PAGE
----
On the Road to the Wolf's Lair: German Resistance to Hitler.
At first glance, one might wonder whether another study of the German resistance to Hitler is in order, but the reader quickly discovers that this book is a rich addition to the literature. After summarizing the historiography of the resistance movement and especially the conspiracy to assassinate Hitler, Theodore S. Hamerow asserts that now, more than 50 years after the end of the war, it is appropriate "to undertake a dispassionate, balanced, rigorous, and unflinching examination of the resistance," one less likely to be affected by contemporary politics (10). Hamerow's study is such a reexamination, and he shows that the conspirators who sought to kill Hitler "acted out of a combination of motives, some idealistic, some practical, sometimes selfless, sometimes expedient" (10). Not intended to be a comprehensive account of anti-Nazi activity within the Third Reich, this book is about when and why the resisters turned against the Third Reich.
On the Road to the Wolf's Lair presents a thorough, nuanced narrative and analysis. In order to establish context for his study of the conspirators' "ideas, ideals, motives, and aims," Hamerow begins with the fall of the empire in 1918 and traces the evolution of thought and actions of important members of three distinct groups--army officers, disaffected civil servants, and prominent churchmen (vii). The narrative clearly emphasizes that these resisters' hostility to the Weimar Republic led them into Hitler's authoritarian coalition in 1933. For the most part, these men were enthusiastic participants in the dismantling of what remained of democratic Germany in 1933, the introduction of domestic political constraints, and the attack on the Versailles Treaty's restrictions. Along the way, however, they turned against the Third Reich, eventually concluding that Hitler had to be removed from power. Although most of these men were not National Socialists, the resisters' final statements as they waited for execution frequently repeated their affinity for the principles of National Socialism, while also denouncing the corruption and brutality of the Third Reich.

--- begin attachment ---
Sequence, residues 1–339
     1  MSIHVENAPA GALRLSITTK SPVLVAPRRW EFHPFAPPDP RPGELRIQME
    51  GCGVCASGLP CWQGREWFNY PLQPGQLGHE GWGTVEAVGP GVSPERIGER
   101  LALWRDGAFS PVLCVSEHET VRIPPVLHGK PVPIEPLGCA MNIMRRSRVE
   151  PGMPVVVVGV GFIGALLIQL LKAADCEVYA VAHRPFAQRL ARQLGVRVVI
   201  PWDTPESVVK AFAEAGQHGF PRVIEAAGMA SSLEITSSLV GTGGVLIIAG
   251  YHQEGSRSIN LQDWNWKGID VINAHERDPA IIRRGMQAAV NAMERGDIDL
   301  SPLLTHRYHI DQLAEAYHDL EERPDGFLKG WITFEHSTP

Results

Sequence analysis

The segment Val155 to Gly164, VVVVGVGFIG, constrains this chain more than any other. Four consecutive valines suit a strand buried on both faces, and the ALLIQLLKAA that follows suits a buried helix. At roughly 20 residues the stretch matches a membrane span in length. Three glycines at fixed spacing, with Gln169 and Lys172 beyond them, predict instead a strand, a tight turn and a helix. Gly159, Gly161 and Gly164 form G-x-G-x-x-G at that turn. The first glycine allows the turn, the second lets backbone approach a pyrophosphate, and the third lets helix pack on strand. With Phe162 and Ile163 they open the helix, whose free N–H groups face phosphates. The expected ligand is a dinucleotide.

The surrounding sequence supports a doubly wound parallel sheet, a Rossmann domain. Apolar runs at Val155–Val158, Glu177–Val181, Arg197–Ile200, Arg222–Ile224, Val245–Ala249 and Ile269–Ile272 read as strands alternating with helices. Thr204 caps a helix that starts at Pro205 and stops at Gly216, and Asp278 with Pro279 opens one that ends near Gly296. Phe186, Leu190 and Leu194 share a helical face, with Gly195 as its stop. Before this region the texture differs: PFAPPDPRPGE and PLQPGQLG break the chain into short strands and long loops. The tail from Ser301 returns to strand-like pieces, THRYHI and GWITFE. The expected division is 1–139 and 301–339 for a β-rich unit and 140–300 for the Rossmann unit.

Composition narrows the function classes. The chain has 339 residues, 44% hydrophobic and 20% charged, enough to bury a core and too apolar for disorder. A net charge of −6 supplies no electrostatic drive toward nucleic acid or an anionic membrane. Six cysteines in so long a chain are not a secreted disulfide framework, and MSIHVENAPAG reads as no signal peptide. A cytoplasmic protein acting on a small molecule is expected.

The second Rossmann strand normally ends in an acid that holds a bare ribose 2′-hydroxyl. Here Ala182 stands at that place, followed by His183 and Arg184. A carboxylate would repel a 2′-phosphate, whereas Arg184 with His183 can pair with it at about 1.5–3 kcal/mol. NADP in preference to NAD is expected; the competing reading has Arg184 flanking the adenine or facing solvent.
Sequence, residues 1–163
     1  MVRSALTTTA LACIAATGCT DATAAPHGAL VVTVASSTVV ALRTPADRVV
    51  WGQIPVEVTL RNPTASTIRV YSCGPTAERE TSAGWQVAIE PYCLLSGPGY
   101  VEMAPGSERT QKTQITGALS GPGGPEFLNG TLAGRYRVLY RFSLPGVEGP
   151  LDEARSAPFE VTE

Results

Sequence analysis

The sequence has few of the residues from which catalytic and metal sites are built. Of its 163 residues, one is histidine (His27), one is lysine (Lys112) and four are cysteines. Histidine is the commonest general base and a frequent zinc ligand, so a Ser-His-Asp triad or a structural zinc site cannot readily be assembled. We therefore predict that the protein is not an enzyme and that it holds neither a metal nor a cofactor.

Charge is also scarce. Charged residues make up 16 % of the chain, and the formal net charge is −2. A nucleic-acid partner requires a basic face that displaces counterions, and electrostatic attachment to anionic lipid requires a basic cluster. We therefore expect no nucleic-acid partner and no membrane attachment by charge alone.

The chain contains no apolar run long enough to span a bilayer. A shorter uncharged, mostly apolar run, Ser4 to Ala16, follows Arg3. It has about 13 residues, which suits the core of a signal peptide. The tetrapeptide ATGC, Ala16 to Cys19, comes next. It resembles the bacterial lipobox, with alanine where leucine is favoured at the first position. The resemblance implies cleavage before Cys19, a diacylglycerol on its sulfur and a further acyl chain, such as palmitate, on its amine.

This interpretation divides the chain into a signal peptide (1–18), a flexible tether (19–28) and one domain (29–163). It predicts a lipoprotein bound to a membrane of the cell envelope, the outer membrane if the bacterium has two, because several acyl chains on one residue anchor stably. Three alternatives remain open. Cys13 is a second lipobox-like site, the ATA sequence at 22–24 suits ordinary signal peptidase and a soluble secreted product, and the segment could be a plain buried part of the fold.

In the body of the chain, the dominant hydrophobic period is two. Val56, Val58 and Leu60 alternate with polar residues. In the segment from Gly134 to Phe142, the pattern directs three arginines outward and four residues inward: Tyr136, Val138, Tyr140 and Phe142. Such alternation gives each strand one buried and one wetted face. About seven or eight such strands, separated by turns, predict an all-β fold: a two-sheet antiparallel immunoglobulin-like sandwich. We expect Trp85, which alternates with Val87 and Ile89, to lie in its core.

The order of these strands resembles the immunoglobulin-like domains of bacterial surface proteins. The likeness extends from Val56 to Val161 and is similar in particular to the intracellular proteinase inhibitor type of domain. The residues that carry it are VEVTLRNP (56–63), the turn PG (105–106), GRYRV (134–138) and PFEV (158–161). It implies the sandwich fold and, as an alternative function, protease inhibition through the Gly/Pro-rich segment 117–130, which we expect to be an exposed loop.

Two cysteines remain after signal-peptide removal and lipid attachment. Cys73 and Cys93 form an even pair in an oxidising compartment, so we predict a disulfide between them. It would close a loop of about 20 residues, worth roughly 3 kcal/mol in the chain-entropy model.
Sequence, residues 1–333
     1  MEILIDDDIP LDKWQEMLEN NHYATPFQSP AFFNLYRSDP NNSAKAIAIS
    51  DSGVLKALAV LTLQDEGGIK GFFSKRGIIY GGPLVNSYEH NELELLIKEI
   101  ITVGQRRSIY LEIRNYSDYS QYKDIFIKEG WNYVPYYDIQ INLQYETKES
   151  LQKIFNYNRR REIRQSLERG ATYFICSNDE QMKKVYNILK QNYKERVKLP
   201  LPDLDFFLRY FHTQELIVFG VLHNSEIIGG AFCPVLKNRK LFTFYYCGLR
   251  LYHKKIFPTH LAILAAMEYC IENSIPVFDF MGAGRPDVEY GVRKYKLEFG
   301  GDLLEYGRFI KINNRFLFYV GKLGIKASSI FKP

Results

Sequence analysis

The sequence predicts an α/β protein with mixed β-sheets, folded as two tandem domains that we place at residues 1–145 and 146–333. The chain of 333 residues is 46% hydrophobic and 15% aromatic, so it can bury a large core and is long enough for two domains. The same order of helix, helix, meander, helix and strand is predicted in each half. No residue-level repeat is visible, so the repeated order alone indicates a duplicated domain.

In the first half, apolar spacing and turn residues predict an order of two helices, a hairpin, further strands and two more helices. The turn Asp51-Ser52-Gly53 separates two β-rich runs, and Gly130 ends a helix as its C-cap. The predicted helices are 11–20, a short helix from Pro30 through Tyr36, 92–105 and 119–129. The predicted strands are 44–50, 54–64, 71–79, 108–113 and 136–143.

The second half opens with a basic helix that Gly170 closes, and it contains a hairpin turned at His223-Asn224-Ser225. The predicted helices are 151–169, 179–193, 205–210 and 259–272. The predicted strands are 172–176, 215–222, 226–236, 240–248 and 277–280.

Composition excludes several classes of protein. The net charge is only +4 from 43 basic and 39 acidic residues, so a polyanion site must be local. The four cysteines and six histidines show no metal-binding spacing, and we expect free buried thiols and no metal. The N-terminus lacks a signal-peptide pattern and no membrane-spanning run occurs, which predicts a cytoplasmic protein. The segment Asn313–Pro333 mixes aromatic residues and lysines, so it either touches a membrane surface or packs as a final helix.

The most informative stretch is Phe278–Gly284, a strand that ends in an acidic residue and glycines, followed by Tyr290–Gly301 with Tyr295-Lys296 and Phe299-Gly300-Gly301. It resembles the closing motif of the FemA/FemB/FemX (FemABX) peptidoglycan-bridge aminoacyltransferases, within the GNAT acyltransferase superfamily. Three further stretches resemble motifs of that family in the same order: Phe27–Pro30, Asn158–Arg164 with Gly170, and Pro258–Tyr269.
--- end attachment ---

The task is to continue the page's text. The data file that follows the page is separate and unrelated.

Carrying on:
The findings of this study are not dramatically new, but they provide a nicely nuanced outline of both the complexity of the time and the diversity of the individual actors and their disillusionment as they came face to face with the full implications of Gleichschaltung, which gradually demonstrated an unanticipated authority and discomfiting militancy and brutality. For some, their alienation began with the eroding authority and respect of the traditional elite or the intensification of anti-Semitism as demonstrated by Kristallnacht. For others, the diplomatic revolution and the risk of war, which threatened "a new defeat, a new revolution, and a new Versailles ...," was an important line of demarcation (239). The initial successes of the Blitzkrieg muffled many of these worries, but the anti-Nazi movement, as the fortunes of war turned against Germany, grew from alienation into conspiracy.
This is a good book; it is eminently readable and carefully argued. Hamerow uses the words of the key members of the resistance to show their full colors. These men are believably human figures and not portrayed simply as saints or reactionaries.
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|Article Type:||Book Review|
|Date:||Sep 22, 1999|
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